GitLab Documentation

GitLab Pages from A to Z: Part 2

Setting up GitLab Pages

For a complete step-by-step tutorial, please read the blog post Hosting on GitLab.com with GitLab Pages. The following sections will explain what do you need and why do you need them.

What you need to get started

  1. A project
  2. A configuration file (.gitlab-ci.yml) to deploy your site
  3. A specific job called pages in the configuration file that will make GitLab aware that you are deploying a GitLab Pages website

Optional Features:

  1. A custom domain or subdomain
  2. A DNS pointing your (sub)domain to your Pages site
    1. Optional: an SSL/TLS certificate so your custom domain is accessible under HTTPS.

The optional settings, custom domain, DNS records, and SSL/TLS certificates, are described in Part 3).

Project

Your GitLab Pages project is a regular project created the same way you do for the other ones. To get started with GitLab Pages, you have two ways:

Let's go over both options.

Fork a project to get started from

To make things easy for you, we've created this group of default projects containing the most popular SSGs templates.

Watch the video tutorial we've created for the steps below.

  1. Choose your SSG template
  2. Fork a project from the Pages group
  3. Remove the fork relationship by navigating to your Project's Settings > Edit Project

    remove fork relashionship

  4. Enable Shared Runners for your fork: navigate to your Project's Settings > CI/CD Pipelines

  5. Trigger a build (push a change to any file)

  6. As soon as the build passes, your website will have been deployed with GitLab Pages. Your website URL will be available under your Project's Settings > Pages

To turn a project website forked from the Pages group into a user/group website, you'll need to:

Notes:

  1. Why do I need to remove the fork relationship?

    Unless you want to contribute to the original project, you won't need it connected to the upstream. A fork is useful for submitting merge requests to the upstream.

  2. Why do I need to enable Shared Runners?

    Shared Runners will run the script set by your GitLab CI configuration file. They're enabled by default to new projects, but not to forks.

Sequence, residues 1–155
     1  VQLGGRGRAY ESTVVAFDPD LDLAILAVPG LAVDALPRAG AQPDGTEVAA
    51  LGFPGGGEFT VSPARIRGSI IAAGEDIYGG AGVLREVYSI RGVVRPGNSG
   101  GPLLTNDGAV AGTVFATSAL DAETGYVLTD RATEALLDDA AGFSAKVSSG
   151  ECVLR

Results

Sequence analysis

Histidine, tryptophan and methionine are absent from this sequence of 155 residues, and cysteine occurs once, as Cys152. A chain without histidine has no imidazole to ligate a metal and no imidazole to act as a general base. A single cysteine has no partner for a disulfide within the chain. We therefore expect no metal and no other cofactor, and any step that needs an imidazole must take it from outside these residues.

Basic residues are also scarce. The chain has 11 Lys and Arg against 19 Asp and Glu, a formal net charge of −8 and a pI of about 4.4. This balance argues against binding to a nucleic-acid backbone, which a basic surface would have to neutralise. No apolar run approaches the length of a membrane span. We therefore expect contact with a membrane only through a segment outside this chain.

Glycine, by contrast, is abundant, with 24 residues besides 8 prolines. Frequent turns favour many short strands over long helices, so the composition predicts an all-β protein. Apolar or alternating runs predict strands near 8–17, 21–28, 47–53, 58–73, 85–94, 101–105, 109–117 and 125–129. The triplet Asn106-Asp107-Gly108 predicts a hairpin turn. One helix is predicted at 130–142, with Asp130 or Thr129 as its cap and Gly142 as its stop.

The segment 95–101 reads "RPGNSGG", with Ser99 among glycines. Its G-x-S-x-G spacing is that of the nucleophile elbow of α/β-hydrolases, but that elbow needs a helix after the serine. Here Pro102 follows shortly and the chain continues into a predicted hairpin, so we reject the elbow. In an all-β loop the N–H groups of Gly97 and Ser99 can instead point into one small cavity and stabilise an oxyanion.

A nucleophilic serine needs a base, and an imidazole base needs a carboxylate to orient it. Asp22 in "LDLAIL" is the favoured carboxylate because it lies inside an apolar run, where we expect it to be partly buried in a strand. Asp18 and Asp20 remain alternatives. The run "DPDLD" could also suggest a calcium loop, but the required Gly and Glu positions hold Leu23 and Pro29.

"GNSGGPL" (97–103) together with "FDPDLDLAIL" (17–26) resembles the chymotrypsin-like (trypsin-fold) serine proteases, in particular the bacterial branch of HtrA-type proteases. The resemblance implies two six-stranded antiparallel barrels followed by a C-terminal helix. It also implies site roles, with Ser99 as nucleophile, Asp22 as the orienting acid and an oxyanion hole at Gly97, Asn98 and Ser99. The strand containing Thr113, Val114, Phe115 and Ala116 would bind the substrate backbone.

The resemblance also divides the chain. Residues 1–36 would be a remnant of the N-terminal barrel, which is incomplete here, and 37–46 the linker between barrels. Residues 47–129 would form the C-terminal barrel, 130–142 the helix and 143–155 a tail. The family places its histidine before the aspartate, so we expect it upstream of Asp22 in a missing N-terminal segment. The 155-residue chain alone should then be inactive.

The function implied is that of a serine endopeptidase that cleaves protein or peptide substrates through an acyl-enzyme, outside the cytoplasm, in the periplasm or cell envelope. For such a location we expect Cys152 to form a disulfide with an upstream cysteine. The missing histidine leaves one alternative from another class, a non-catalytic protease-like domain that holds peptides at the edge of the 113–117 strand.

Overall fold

Create a project from scratch

  1. From your Project's Dashboard, click New project, and name it considering the practical examples.
  2. Clone it to your local computer, add your website files to your project, add, commit and push to GitLab.
  3. From the your Project's page, click Set up CI:

    setup GitLab CI

  4. Choose one of the templates from the dropbox menu. Pick up the template corresponding to the SSG you're using (or plain HTML).

    gitlab-ci templates

Once you have both site files and .gitlab-ci.yml in your project's root, GitLab CI will build your site and deploy it with Pages. Once the first build passes, you see your site is live by navigating to your Project's Settings > Pages, where you'll find its default URL.

Notes:

URLs and Baseurls

Every Static Site Generator (SSG) default configuration expects to find your website under a (sub)domain (example.com), not in a subdirectory of that domain (example.com/subdir). Therefore, whenever you publish a project website (namespace.gitlab.io/project-name), you'll have to look for this configuration (base URL) on your SSG's documentation and set it up to reflect this pattern.

For example, for a Jekyll site, the baseurl is defined in the Jekyll configuration file, _config.yml. If your website URL is https://john.gitlab.io/blog/, you need to add this line to _config.yml:

baseurl: "/blog"

On the contrary, if you deploy your website after forking one of our default examples, the baseurl will already be configured this way, as all examples there are project websites. If you decide to make yours a user or group website, you'll have to remove this configuration from your project. For the Jekyll example we've just mentioned, you'd have to change Jekyll's _config.yml to:

baseurl: ""

Custom Domains

GitLab Pages supports custom domains and subdomains, served under HTTPS or HTTPS. Please check the next part of this series for an overview.

← Part 1: Static sites, domains, DNS records, and SSL/TLS certificates Setting Up Custom Domains - DNS Records and SSL/TLS Certificates →